Throughout the pandemic, we'll keep publishing news to help you navigate the state of travel today (like whether travel insurance covers the coronavirus), as well as stories about places for you to put on your bucket list once it's safe to start going more far-flung.
I’m a smartphone addict. I probably haven’t made eye contact with another human being in the four years I’ve owned one, except for the handful of times when its batteries ran out. Even my kids now know that the only way we can truly communicate is by texting or through Skype. My loss of social skills is your gain, though, because I can impart my knowledge of travel apps to you. These are the ones I trust most.
The more disorganized you are, the more you’ll appreciate this app. You forward TripIt all of the reservation confirmation e-mails you receive from airlines, hotels, and car rental companies, and it automatically creates an itinerary and updates your phone’s appointment calendar. It tells you the departure and arrival gates of your flights, and will give you directions from the hotel to the airport. There even an option for it to read your e-mails and automatically identify and organize the ones with travel confirmations (that’s a little too Big Brother for me).
It’s amazing how quickly travel expenses add up. Not only does iXpenseit track and categorize everything you spend, but it also displays that information in your choice of chart, bar, or pie graph, hopefully guilting you into being more frugal. It also tracks your daily spending average, top expenses, and how close you are to reaching your planned budget limit. You can enter your expenses in almost any currency and iXpenseit will convert that into dollars, based on the most recent rates. Only available for iPhone.
You’re always best served by having a standalone flight tracking app that’s easy to access and will update often and quickly—that way, you can tap into your flight information as quickly as possible when you’re in a rush. The best of the bunch is FlightTrack. It follows domestic and international flights, telling you not only the scheduled departure and arrival times, but also when the plane actually leaves the departure gate and when it will actually arrive. A map tracking the plane's altitude and location is a geeky but nice feature. The standard version costs $4.99, but the $9.99 Pro edition will integrate with your TripIt itinerary.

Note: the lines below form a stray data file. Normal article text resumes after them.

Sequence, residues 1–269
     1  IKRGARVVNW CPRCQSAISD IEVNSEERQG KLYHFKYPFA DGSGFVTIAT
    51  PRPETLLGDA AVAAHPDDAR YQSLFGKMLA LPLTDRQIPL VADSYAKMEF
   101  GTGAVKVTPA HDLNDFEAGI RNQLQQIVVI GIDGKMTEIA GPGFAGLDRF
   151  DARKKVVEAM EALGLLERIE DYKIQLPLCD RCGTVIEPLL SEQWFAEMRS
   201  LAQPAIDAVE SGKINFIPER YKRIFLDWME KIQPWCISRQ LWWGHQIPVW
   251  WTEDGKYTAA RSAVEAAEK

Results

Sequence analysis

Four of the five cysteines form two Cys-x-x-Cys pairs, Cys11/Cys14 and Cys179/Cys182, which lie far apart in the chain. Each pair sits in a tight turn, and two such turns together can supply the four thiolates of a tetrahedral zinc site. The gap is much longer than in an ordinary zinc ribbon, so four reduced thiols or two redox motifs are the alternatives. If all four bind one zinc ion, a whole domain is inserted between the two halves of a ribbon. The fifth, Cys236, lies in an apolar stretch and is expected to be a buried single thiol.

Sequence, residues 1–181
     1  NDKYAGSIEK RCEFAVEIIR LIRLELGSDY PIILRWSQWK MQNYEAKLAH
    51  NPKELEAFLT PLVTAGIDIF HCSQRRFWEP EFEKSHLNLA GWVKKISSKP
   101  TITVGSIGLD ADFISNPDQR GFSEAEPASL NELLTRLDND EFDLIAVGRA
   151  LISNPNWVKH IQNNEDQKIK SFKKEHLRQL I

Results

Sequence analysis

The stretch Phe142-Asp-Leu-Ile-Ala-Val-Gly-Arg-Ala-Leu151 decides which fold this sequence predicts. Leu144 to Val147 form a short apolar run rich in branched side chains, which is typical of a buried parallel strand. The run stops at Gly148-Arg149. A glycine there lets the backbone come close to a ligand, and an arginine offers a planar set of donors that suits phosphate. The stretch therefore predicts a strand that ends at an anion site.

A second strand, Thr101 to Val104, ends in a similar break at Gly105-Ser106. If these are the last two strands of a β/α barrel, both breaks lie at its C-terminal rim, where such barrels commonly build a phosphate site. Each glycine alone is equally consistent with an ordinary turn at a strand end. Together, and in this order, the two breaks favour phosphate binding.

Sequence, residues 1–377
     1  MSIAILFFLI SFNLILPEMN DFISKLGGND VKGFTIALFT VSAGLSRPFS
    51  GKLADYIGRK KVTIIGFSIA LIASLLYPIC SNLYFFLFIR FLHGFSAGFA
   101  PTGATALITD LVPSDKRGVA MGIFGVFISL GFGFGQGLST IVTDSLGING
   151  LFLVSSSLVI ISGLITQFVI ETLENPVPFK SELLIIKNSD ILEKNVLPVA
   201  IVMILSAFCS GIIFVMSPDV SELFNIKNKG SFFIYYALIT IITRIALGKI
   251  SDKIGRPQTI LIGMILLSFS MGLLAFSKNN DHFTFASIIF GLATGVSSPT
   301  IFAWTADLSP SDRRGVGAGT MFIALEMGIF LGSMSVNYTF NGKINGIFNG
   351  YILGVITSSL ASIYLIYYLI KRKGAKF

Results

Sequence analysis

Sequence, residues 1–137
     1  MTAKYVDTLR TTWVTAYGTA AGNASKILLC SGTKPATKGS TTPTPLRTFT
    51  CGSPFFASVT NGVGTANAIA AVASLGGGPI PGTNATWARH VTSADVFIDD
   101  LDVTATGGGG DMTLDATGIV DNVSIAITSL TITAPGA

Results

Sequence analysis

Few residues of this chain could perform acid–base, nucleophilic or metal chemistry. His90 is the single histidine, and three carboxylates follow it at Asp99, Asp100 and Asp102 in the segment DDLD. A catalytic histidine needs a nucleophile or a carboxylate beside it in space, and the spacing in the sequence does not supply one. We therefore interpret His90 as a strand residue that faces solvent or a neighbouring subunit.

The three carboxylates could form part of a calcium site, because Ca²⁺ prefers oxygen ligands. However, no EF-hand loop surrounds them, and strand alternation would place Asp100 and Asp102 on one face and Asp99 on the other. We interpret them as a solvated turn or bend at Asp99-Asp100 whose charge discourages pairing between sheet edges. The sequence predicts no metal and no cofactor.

This is the one must-have GPS app for adventure travelers. EveryTrail records your route as you hike, bike, run, climb, paddle, ski, or move in any other way. It works anywhere in the world with satellite reception, whether you're in a city or on the Annapurna Circuit. EveryTrail will plot your route on a Google map, and keep stats of your distance, elevation, and speed. More importantly, you can use the app as a resource to find trip reports from other people on great nearby adventures, and get directions to the trailhead. There are upwards of 500,000 trips in the database, and more are constantly being added. The app also lets you upload and share photos from your trip on the fly.
Price: Free. The $3.99 pro version includes videos and eliminates ads.
Finding the closest clean public toilet can be a matter of utmost importance when you’re daring enough to try the local cuisine while abroad. SitOrSquat helps you do exactly that. The app includes handy photos of toilets—just tap “search nearby.”